Jesus wept, and so do I

The work of disability justice cannot happen without grief. I’m not sure any justice movement can. Before you can address the injustice, you must first acknowledge it. And when you do, it is likely to break your heart.

The Disability Day of Mourning is observed every year on March 1 to grieve the loss of disabled people killed by family members, whether through direct action or neglect. In 2022, at least 102 disabled people were killed by their family members or caregivers worldwide, according to the records gathered by the Disability Memorial. More than half of those deaths took place in the United States.

This only includes deaths that were recorded in the news.

This does not include people who died because their doctors provided insufficient medical care to someone they deemed to have poor quality of life.

This does not include people who died of suicide, despairing of life in an ableist world, or unable to get the treatment and support they needed.

These 102 deaths are only a fraction of the story, and as I read the names and news reports that make up this fragmented story, they break my heart. And the words people say about the dead, they break me, too. Words like “hard to handle” and “he did the best he could with the situation.” Words that imply that murder is the best an exhausted caretaker can do, given the situation. That this disabled person deserved to die, for the crime of being so difficult to care for. Sometimes legal rulings say so more explicitly, when they fail to take the murder of disabled people as seriously as other murders.

I read, and I weep, and I know that these are my people, though I never met them. The world that killed them does not value my disabled life much more. And if it does, it does so because of my whiteness, my so-called independence, and my ability to work and communicate in so-called “normal” ways. This is not how I want to be valued. I want us all to be valued for exactly who we are: unique and beloved children of God.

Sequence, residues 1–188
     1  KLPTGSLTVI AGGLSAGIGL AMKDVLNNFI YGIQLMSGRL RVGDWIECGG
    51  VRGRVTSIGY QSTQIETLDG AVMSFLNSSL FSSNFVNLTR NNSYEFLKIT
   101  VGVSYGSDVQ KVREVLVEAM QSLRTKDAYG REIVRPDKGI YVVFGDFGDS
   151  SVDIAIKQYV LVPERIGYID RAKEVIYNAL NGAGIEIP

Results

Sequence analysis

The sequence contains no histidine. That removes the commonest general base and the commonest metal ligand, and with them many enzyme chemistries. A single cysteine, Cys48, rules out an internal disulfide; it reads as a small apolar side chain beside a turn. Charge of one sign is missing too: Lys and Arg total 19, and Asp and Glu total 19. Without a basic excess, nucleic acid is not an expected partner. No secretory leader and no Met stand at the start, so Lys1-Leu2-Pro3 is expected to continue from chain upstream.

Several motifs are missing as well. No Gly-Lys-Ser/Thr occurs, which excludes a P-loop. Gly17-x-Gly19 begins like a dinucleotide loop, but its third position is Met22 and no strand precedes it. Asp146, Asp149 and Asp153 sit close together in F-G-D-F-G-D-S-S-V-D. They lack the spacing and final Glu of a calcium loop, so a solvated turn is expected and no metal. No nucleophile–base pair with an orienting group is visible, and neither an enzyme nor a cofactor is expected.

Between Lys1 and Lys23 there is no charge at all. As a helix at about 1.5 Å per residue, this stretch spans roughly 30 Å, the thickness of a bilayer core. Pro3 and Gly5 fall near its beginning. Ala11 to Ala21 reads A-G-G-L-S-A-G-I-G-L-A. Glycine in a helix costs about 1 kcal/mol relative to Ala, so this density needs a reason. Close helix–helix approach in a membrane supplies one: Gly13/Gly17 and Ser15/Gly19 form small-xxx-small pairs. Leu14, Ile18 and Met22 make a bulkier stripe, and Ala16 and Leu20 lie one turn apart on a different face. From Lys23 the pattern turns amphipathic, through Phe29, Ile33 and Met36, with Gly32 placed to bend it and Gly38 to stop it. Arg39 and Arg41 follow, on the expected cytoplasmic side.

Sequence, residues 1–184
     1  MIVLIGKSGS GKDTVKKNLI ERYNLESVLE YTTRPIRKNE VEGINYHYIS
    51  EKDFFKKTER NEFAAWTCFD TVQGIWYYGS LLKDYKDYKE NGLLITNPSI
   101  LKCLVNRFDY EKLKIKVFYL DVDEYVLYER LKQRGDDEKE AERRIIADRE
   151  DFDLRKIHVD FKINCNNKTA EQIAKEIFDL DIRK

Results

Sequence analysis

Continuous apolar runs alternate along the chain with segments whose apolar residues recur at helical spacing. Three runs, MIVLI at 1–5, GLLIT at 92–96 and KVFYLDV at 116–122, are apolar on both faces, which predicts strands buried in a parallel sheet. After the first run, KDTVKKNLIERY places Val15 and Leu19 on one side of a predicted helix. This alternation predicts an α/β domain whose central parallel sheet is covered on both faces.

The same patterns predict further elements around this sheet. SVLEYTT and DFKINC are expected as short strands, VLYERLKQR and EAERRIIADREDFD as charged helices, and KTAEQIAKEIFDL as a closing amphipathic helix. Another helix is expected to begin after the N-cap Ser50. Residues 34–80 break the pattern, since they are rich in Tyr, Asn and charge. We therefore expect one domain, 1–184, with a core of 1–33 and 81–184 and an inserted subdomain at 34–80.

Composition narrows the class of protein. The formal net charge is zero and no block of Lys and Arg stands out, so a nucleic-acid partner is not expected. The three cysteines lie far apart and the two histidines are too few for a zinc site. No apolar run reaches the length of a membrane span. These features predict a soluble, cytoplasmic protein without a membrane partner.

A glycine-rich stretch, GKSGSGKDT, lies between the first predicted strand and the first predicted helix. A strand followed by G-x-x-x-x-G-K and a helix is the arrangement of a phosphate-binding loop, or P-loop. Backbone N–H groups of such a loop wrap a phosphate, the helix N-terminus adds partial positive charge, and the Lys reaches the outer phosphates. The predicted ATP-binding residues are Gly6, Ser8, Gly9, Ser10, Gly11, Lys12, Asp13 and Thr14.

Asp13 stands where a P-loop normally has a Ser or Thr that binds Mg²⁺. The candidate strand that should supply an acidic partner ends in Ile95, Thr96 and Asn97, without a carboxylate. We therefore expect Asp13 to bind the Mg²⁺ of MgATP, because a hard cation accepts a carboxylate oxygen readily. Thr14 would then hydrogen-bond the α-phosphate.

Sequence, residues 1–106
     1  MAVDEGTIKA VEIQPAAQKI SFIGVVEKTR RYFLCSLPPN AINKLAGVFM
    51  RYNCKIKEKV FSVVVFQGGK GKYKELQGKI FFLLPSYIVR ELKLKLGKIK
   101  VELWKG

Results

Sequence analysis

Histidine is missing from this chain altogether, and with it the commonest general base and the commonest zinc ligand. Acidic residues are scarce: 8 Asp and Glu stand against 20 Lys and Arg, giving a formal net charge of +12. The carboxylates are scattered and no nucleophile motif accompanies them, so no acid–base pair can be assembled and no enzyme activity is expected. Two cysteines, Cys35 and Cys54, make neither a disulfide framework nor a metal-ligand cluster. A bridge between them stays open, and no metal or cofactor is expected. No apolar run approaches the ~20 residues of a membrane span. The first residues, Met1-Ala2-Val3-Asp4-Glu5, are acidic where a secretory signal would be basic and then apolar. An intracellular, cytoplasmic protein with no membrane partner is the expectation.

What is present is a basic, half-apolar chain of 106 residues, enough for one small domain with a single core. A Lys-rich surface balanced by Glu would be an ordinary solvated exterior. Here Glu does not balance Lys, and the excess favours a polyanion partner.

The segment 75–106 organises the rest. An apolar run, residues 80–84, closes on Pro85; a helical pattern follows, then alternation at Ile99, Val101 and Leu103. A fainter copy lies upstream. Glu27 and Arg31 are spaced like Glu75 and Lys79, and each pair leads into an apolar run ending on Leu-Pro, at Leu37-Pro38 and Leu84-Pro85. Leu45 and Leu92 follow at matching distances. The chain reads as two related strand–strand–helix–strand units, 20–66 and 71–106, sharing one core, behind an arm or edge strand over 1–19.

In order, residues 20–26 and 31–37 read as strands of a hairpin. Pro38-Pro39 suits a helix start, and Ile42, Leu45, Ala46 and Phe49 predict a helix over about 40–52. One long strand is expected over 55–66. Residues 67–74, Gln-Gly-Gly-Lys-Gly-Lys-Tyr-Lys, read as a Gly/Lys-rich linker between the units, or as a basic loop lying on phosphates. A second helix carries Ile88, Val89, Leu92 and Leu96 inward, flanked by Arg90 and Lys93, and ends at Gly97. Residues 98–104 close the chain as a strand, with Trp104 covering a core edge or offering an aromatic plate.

I weep, and I remember that Jesus wept. He mourned for his friend Lazarus, even knowing that he would rise again (Jn 11:35). He wept in the Garden of Gethsemane (Mt 26:36-46; Mk 14:32-42; Lk 22:39-46), and cried out on the cross, even knowing that he would rise again (Mt 27:46-50; Mk 15:34-37). I wonder if he could have raised Lazarus, or himself, without first grieving: turning toward the pain of loss and injustice, refusing to pretend it is not there.

I believe in a world where we do not need a Disability Day of Mourning. I believe in a future world where our own families do not kill us. Every time communities come together to care for one another—to provide food, change diapers, drive to doctors’ appointments, listen to needs, and give agency to the person in need—I can almost imagine what it would feel like not to read a list of 102 names.

But we aren’t there yet. And so today I weep.

I invite you to weep with me. Jesus is here already.

Bekah Maren Anderson is director of Pastoral Care, The Julian Way, and cochair, UCC Disabilities Ministries.

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